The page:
Horrific report on Northern Ireland care home - residents endured sex assaults and spent last moments of their lives in appalling circumstances at Dunmurry Manor
Residents at a Northern Ireland care home endured horrific treatment, including physical and sexual assaults, with many spending the last few months of their lives living in appalling circumstances, a damning report has found.
The disturbing report, published today, outlines the shocking care given to residents at Dunmurry Manor Care Home and the actions of its owner, Runwood Homes Ltd, the Department of Health, Regulation and Quality Improvement Authority (RQIA) and four of the five health and social care trusts that placed residents in the home.
Speaking about his investigation, the Commissioner for Older People for Northern Ireland, Eddie Lynch said: “When I launched my investigation into Dunmurry Manor nothing prepared me for what I was about to uncover.
"When a loved one is in a care home we expect them to be provided with good food, adequate drinks, and kept safe from harm, physical and sexual assault. It makes me extremely angry that this was certainly not the case for everyone living in Dunmurry Manor.”
Mr Lynch found that some residents who were extremely vulnerable, living with dementia, experienced a horrific catalogue of inhuman and degrading treatment. With some patients spending the last moments of their lives in appalling circumstances.
He added: “There were significant failures in the safeguarding and care of many residents in Dunmurry Manor, with residents suffering harm through physical and sexual assaults.
“My investigation found that many of these terrible incidents occurred during periods of time when the regulator, the RQIA, reported the home to be meeting the required standards of care.”
The standard of care was not addressed despite the regulator carrying out 23 inspections in a 39 month period. The inspections did not find the extent of the problems experienced by many residents. The report also says Runwood Homes Ltd failed to respond to the concerns identified by staff and relatives.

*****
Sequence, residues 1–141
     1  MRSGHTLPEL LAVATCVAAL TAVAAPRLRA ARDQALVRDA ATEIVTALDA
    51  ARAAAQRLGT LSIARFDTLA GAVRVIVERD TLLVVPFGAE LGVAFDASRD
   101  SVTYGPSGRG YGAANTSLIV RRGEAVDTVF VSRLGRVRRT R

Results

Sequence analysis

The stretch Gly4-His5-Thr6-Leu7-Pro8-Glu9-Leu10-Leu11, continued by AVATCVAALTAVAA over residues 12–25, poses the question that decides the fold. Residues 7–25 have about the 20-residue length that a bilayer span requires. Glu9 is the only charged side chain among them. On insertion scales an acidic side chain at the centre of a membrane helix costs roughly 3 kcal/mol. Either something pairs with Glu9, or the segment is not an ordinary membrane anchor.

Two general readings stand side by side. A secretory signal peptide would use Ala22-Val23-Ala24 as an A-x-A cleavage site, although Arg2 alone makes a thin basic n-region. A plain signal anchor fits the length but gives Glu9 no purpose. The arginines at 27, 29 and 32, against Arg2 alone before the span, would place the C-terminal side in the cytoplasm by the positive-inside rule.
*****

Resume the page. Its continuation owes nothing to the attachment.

Mr Lynch said: “Over the course of my investigation my team spoke to 119 witnesses and I was heartbroken by many of the families’ testimonies about their loved ones’ experiences in Dunmurry Manor.
"For many relatives and staff, it took a great deal of courage to come forward and I pay tribute to their bravery and tenacity in pursuing better conditions for their family members and the older people under their care."
The report makes 59 recommendations for change to the way care is commissioned and monitored.
The report has been presented to the Secretary of State for Northern Ireland, Karen Bradley, and the Head of the Civil Service David Sterling.
Eleanor Hayes, the Commissioner’s expert adviser in nursing and care said: “When I looked at the evidence I was shocked by distressing incidents such as residents going for weeks without their prescribed medication, unexplained weight loss of ten stone in five months and failure to adequately treat ungradable bedsores down to the bone are completely unacceptable.
"There was a complete lack of leadership shown by Runwood Homes Ltd and Dunmurry Manor and any staff who were trying their best were completely let down by management.”
The managing director of Runwood Homes Group UK, which owns and manages Dunmurry Manor, resigned yesterday ahead of the publication of the report.
Gordon Sanders, chief executive of Runwood Homes Group UK, said: "Our elderly citizens are some of the most vulnerable people in our community and as such have the right to expect the very highest standards of care and consideration.
I am truly sorry we failed to deliver the high standards of care our residents at Dunmurry Manor had the right to expect and that, because of those failures, they and their families have had to endure this distressing experience. Gordon Sanders, chief executive of Runwood Homes Group UK
"The Board of Directors acknowledge and take full responsibility for these failures and the lack of oversight that could have ensured they did not happen."
Mr Sanders said he had put a new Northern Ireland senior management team in place in August 2017 which is working to put things right at Dunmurry Manor, assuring residents and their families that "corrective action" has been taken.
He said that an Interim Report carried out for the Department of Health NI observed the home is now working very well, with a personalised, kindly and respectful approached.
He added: "I want to assure residents and their families we have learned from our mistakes and will ensure nothing like this ever happens again. Ultimately, I cannot put the clock back - but I can make sure there are positive changes for the future."
Only a couple of the original Dunmurry Manor care staff employed during the period in question are still working there.
None of Runwood Homes NI’s current Senior Management Team was in post or employed by Runwood Homes Group during the period investigated by COPNI.
Belfast Telegraph Digital